Longest-Serving LGBTQ Lawmaker on Being Yourself at Work

When Karen Clark started her career in the 1970s, she saw herself as an activist, not a politician. An out lesbian and public health advocate, she was familiar with taking to the streets, not taking up the mantle.

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Minnesota Rep. Karen Clark in “Out North: MNLGBTQ History,” a new documentary by Twin Cities PBS. Image courtesy of Twin Cities PBS.

But when her leadership skills became apparent, she was asked to step up and run for office. She joined the Minnesota House of Representatives in 1981.

Today, 37 years since she was first elected, she still represents neighborhoods in South Minneapolis, making her the longest-serving out lesbian, gay, bisexual, transgender or queer lawmaker in U.S. history.

With those decades of experience came valuable life lessons. In the adult working world, it often feels like you have to compromise your values in order to make an impact. Clark spoke with Rewire about staying true to yourself in the workplace, even when not everybody agrees with you.

1. Find common ground

“I think one of the things that another legislator told me early on that I found to be very helpful in this question of ‘How do you remain true to yourself?’ … is don’t burn your bridges with those that you disagree with,” Clark said. “Realize that today they may feel like your enemy on a certain issue, but tomorrow you may need their vote or their help on something.”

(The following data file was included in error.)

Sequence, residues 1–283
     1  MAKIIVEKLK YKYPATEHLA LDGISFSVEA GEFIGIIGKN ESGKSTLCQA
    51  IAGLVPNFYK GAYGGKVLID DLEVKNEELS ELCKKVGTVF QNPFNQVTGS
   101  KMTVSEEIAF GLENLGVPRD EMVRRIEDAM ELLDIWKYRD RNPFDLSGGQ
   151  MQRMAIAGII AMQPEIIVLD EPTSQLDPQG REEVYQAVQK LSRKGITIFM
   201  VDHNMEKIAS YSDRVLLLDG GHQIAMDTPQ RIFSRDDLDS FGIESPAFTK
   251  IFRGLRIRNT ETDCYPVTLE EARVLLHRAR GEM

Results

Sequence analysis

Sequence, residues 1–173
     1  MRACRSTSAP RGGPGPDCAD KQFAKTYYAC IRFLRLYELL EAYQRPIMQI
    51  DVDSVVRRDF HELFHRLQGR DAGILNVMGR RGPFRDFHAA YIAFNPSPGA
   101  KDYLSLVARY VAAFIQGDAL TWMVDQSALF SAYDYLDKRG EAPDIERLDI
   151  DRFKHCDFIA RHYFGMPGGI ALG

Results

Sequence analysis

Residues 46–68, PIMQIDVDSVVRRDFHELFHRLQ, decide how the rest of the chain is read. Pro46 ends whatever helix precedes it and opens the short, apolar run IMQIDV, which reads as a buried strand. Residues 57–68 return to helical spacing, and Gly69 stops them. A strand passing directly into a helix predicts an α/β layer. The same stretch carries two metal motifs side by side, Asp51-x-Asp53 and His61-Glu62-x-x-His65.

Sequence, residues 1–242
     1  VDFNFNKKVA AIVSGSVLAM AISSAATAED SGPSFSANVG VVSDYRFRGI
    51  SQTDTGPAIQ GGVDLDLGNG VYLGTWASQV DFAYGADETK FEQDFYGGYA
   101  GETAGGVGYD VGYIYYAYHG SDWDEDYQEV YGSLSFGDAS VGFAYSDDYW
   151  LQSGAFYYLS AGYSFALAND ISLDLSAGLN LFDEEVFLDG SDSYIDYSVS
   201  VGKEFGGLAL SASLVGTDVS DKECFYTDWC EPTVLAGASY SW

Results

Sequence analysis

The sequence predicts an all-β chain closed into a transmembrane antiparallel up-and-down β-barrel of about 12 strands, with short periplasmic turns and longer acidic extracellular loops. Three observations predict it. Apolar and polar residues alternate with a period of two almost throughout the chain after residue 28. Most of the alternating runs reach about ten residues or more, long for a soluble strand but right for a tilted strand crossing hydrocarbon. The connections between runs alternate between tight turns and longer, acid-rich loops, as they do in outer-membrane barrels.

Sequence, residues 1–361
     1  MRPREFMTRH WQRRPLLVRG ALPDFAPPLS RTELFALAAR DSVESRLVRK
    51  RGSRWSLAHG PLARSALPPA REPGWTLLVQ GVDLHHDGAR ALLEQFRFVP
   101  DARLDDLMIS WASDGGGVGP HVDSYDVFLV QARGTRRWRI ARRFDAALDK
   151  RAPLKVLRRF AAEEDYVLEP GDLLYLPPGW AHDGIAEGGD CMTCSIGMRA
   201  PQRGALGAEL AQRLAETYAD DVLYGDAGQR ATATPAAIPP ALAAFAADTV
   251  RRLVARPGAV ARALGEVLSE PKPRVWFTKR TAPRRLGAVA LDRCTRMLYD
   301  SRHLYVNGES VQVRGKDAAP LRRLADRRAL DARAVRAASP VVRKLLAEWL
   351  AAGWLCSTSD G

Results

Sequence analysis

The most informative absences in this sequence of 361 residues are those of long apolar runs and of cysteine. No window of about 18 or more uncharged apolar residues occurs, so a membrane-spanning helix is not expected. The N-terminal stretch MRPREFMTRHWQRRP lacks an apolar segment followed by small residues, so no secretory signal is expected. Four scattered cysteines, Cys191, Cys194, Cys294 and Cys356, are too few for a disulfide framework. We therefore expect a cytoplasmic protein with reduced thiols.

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Rep. Karen Clark wins her first election. Almost 40 years later, she’s still in office, making her the longest-serving out LGBTQ lawmaker in U.S. history. Still from “Stay With Me,” a film by Ellen Roe Anthony.

Your ability to find common ground with people you disagree with will serve you in your private life and in your work life, she said.

“By having this attitude of, ‘Okay, we don’t agree and I’m going to fight really hard for my position, but I’m also going to keep a space there that tomorrow we may be able to work together,’ I found that really helpful as a strategy and a way to feel good about myself,” Clark said.

Clark said she tries to give people the benefit of the doubt when they do or say things that rub her the wrong way or go against her way of thinking.

“Sometimes when people are very ignorant and they do harmful things, they just don’t know or have the information or the knowledge,” she said.

Sharing personal stories often does the trick. One time in a committee hearing, another lawmaker called the “gay lifestyle” unhealthy and unnatural.

“I remember saying in the committee, ‘Okay, I’ve learned to pick and choose my battles. Here’s one where I’ve gotta speak up,'” Clark said. “It was right after making an Easter meal for my mom and dad. I asked him, ‘Is that a part of my lesbian lifestyle that you don’t approve of? What about taking my dog for a walk outside?’ … I was just trying to demystify what it was to be a lesbian. In that case, I kind of have a regular life.